No hope for the future – Feelings of helplessness, hopelessness, and being trapped. Belief that things will never get better or change.
Self-loathing, self-hatred – Feelings of worthlessness, guilt, shame, and self-hatred. Feeling like a burden.
Getting affairs in order – Making out a will. Giving away prized possessions. Making arrangements for family members.
Saying goodbye – Unusual or unexpected visits or calls to family and friends. Saying goodbye to people as if they won’t be seen again.
Withdrawing from others – Withdrawing from friends and family. Increasing social isolation. Desire to be left alone.
Self-destructive behaviour – Increased alcohol or drug use, reckless driving, unsafe sex. Taking unnecessary risks.
Sudden sense of calm – A sudden sense of calm and happiness after being extremely depressed can mean that the person has made a decision to attempt suicide.
You might not always be able to spot these signs, and these emotions show up differently in everyone.
If you notice any of these warning signs in a friend, relative or loved one, encourage them to talk about how they are feeling. You can access FREE training for all from the ZSA, which takes just 20 mins, to help build your confidence and skills.
We also recommend sharing your concerns with your GP or a member of their care team, if they are being treated for a mental health condition.
Situations to look out for
It can also be useful to identify these situations that can trigger suicidal thoughts or make it hard for someone to cope.
- relationship and family problems
- loss, including loss of a friend or a family member through bereavement
- financial worries
- job-related stress
- college or study-related stress
- loneliness and isolation
- painful and/or disabling physical illness
- heavy use of or dependency on alcohol or other drugs
- thoughts of suicide
These may not apply to everyone who is struggling, but they can be useful to look out for.
Supporting someone you know online
Some phrases or themes to watch out for in social media updates and online messages include:
I want to give up
No-one would notice if I wasn't here
I hate myself
We all experience not being okay differently. Not everyone who is struggling to cope will use these phrases, in fact some people might not be posting or messaging at all.
Talking about suicide
Many people assume that if you ask someone if they have suicidal thoughts, that you can put the idea into their head. This is a myth. Talking about suicide can be a scary subject. However, the more people are willing to talk with a friend or family member about suicidal thoughts, the more likely they can help someone take positive steps.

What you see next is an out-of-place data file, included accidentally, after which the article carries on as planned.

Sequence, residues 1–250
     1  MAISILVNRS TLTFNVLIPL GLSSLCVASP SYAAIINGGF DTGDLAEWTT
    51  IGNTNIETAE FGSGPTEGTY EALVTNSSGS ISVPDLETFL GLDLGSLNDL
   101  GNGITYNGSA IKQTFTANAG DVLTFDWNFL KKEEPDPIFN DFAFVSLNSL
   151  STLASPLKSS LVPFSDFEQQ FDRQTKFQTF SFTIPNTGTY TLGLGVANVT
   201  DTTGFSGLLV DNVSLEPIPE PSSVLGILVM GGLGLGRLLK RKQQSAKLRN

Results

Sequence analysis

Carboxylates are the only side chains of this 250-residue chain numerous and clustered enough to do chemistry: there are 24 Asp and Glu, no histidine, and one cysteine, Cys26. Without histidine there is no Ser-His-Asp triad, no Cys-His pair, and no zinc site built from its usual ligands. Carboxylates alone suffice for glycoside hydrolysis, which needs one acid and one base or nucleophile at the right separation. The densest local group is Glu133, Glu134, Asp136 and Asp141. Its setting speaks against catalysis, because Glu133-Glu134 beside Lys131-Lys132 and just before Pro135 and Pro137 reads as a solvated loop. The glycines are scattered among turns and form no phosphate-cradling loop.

On this page, we provide some advice around how to have the conversation with someone who you feel may be at risk of suicide.
What you can do
You may have a niggling feeling that someone you know or care about it isn't behaving as they normally would - they may seem out of sorts, more agitated or withdrawn than normal or just not themselves. Trust that gut instinct and act on it.
By starting a conversation and commenting on the changes you've noticed, you could help that family member, friend or workmate open up. If they say they are not okay, you can follow the conversation steps below to show them they're supported and help them find strategies to better manage the load. If they are okay, that person will know you're someone who cares enough to ask.
Talking about someone's problems is not always easy and it may be tempting to try to provide a solution. However, often the most important thing you can do to help is listen to what they have to say.
Preparing to ask
Before you can look out for others, you need to look out for yourself. And that's ok. If you're not in the right headspace or you don't think you're the right person to have the conversation, try to think of someone else in their support network who could talk to them.
How to ask if they are OK
• Be relaxed, friendly and concerned in your approach
• Help them open up by asking questions like 'how are you doing?', 'what's been happening?'
• Mention specific things that have made you concerned for them like, 'You see less chatty than usual. How are you?'
• If they don't want to talk, don't criticise them
• Avoid confrontation
• You could say 'please call me if you ever want to chat' or 'is there someone else you'd rather talk to?'
Listen without judgement
• Take what they say seriously and don't interrupt or rush the conversation
• Don't judge their experiences or reactions but acknowledge that things seem tough for them
• If they need time to think, sit patiently with the silence